Fourth Annual PEACE AS A GLOBAL LANGUAGE Conference, Sept. 22-24, 2006, Tokyo, JAPAN

Summer 2006

Profile: Virginia LoCastro

Remembering LIOJ

Liberty and Sovereignty

Why I Write Lesson Plans

The Role of Textbooks in the ESOL Classroom

In Defense of Textbooks

Semantic, Lexical, and Thematic Sets

Summer Vacation Essay


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A Note on the Passing of LIOJ
Bill Gatton Remembers the Language Institute of Japan

The following remarks were posted in early May, 2006, on the JALTTALK listserv (JALTTALK is not affiliated with the JALT organization) by Bill Gatton, who served as Community Program Director for LIOJ from 1979 to 1982. Mr. Gatton gave permission for his words to be reprinted in the ESL MiniConference Online.

I have no official standing in making these remarks. Still, I feel that it would be disrespectful to fail to note the passing of the Language Institute of Japan.

LIOJ, as it has been most commonly known, was an out growth of the MRA foundation. It was founded in the mid '60's to assist in the upgrading of language skills for Japanese industry just as industry launched upon intensive internationalization. LIOJ served as an often frenzied and creative workplace, setting the benchmark for ESP and business English in Japan for many years.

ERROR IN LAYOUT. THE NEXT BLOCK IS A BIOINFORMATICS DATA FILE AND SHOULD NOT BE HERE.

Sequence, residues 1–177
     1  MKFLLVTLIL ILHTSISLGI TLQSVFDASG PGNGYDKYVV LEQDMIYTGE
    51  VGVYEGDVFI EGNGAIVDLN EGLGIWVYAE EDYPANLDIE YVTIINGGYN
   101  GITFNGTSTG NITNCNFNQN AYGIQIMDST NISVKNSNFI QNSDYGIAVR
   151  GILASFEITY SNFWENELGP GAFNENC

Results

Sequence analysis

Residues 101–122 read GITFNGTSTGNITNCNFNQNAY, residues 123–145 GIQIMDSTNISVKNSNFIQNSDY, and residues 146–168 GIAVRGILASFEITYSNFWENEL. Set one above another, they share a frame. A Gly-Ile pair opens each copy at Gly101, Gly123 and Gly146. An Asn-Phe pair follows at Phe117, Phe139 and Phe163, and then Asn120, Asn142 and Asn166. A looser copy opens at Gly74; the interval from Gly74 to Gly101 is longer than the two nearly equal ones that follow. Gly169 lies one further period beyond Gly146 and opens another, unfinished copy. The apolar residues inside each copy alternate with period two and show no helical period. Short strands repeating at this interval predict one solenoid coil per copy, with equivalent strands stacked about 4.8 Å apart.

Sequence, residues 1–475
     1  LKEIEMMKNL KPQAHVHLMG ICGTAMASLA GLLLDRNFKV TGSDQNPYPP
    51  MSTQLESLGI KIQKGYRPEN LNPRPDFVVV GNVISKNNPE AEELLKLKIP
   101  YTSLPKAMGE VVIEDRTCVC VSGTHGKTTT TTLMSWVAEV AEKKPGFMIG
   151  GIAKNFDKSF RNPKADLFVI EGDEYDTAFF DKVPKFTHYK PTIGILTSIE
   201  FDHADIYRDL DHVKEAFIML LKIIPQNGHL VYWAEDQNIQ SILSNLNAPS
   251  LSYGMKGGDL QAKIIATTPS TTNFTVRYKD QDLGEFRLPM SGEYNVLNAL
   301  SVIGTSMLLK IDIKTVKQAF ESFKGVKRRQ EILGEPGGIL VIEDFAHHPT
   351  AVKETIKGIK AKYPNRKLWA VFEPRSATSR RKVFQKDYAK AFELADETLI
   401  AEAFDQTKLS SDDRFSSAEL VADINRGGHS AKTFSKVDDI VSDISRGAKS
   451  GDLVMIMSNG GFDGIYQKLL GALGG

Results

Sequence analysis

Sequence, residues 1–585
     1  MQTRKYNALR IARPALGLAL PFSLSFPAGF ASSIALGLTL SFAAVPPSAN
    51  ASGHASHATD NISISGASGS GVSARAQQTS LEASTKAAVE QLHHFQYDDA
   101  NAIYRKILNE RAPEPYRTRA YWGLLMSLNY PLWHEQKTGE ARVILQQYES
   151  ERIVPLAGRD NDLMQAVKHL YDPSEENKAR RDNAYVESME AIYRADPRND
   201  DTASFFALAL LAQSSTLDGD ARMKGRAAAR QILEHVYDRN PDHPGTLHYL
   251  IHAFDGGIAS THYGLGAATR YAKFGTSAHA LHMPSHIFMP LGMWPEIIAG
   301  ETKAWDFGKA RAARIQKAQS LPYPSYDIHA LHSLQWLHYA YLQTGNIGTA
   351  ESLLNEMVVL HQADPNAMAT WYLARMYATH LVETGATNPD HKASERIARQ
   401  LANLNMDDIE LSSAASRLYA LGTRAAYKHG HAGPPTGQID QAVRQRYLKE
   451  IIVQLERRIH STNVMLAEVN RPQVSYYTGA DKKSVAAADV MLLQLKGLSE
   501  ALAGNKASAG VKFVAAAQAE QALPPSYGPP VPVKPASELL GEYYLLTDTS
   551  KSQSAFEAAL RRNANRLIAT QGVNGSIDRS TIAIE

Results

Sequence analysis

LIOJ also published a seminal quarterly journal, Cross Currents, that, upon reflection, offered a substantial benefit in both knowledge and opportunity to the profession in Japan and achieved world-wide recognition.

Of course, many teachers passed through LIOJ and many are still in the profession, some being quite well-known for their continuing contributions. Many unsung teachers also contributed to the school's success over the years. Among the services provided by LIOJ, the summer workshop for high school teachers figured highly. This summer will be bereft of opportunities to visit Odawara when the cicadas are at their peak and I shall miss it.

LIOJ comprised both a residential intensive program for businessmen and an active community program. As economics changed, the business program became less viable. As competition grew, the community program soldiered on. In the past few years, LIOJ has been more involved with area secondary schools, tracking one of the outsourcing trends of the industry.

LIOJ was where I got my start in Japan and I am very grateful indeed. Certainly I vividly recall my first day in country, in June, the heat, the trudge up the hill, the immediate intensity of the professional focus. The colleagues and students made the experience. The administration was wise and progressive. We knew it was a golden age.

Officially, LIOJ is closing because the building requires costly earthquake re-mediation. Unofficially, all things must pass.

JALT, for those who do not know, has a particular link or indebtedness to LIOJ if I recall. Perhaps someone who can tell the tale in full can add to my message.

The Language Institute of Japan, closing. May I thank all who made it a wonderful experience for so many.

Article by Bill Gatton
DynEd Japan

2006 ESL MiniConference Online

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